St Anne's College
Thesis: ‘Taking Africa to the world’: Celebrity culture as a vehicle for collective aspirations (working title)
Jaana's research explores how entrepreneurship of the self is invested with moral value in environments with limited economic opportunity and representation challenges. She is interested in celebrity culture as both an expression and shaping force of such values. Through an ethnography of the Lagos music industry (Nigeria), she explores how consumerism, self-branding, and a neoliberal discourse of opportunity and value creation intersect with postcolonial efforts to both transform one’s circumstances and contribute to changing Nigeria’s—and Africa’s—‘place-in-the-world’.
As entertainment and self-branding are increasingly central to the global economy—through their nexus to corporate advertising—Jaana argues that Nigerian music can inform our understanding of global capitalism through the convergence it brings between business models and ideologies of identity, consumption, and progress. The rapidity and creativity with which Nigerian millennials have seized upon the possibilities of the new economy and invested it with collective aspirations indeed destabilizes the dynamics of neoliberal globalization commonly assumed by anthropologists.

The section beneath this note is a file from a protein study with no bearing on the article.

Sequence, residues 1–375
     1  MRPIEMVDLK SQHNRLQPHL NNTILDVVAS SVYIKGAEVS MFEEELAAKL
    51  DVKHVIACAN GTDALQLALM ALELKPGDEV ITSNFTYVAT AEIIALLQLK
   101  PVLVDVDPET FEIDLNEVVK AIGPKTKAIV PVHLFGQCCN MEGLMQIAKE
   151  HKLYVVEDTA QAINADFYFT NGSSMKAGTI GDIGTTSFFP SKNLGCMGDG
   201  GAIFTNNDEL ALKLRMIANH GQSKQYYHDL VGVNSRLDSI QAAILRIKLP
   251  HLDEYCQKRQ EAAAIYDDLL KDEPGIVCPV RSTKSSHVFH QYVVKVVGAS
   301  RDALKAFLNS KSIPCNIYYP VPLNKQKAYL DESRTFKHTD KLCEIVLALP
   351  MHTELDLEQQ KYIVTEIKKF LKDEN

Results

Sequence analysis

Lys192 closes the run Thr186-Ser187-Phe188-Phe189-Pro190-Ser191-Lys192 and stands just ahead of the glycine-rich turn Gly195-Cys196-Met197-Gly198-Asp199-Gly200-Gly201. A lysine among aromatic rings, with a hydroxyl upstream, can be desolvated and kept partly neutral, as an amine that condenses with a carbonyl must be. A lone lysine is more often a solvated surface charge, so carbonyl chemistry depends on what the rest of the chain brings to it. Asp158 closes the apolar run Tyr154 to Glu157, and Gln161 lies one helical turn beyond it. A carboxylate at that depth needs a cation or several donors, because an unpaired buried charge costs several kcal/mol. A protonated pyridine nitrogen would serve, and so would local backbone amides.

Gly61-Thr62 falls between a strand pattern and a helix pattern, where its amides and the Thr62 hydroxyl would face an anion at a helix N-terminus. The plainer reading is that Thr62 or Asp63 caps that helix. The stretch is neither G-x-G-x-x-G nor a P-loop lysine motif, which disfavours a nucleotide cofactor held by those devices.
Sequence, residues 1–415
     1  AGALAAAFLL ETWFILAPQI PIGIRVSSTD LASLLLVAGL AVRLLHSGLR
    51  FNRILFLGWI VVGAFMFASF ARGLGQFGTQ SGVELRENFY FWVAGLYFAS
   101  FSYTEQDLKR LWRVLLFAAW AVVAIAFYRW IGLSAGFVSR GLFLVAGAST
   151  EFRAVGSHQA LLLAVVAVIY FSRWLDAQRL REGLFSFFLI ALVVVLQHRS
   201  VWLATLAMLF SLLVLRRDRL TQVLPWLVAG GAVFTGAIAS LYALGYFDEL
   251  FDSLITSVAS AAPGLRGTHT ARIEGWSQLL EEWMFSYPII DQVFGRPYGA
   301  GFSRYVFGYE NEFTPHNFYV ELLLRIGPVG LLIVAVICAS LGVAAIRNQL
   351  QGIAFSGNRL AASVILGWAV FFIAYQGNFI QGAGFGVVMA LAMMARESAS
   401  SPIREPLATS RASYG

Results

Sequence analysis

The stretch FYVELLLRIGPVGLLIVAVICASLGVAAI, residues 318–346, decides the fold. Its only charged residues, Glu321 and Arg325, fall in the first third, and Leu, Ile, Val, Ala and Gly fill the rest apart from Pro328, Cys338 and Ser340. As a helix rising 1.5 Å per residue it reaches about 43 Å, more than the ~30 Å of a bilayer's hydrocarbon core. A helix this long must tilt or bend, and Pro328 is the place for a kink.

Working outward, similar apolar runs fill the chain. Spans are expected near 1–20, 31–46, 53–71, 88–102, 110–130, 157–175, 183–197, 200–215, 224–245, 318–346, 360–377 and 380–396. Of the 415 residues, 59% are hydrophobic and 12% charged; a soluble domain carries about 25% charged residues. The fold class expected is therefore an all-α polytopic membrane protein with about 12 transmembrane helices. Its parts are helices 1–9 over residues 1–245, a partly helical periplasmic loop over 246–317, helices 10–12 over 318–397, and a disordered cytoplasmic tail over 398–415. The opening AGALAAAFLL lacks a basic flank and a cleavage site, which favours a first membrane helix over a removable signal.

Jaana is the Ioma Evans-Pritchard scholar in the social anthropology of Africa. Her research is also generously funded by the Wenner-Gren Foundation, the British Forum for Ethnomusicology, and the Philip Bagby and Godfrey Lienhard funds. Prior to her PhD, Jaana graduated as Harlan Fiske Stone scholar from Columbia Law School. She practiced law in New York, Paris, and London and conducted research at the Centre for Policy Research in New Delhi
Research interests: capitalism; media, globalization; digital ethnography; hope and future-making; postcolonial studies.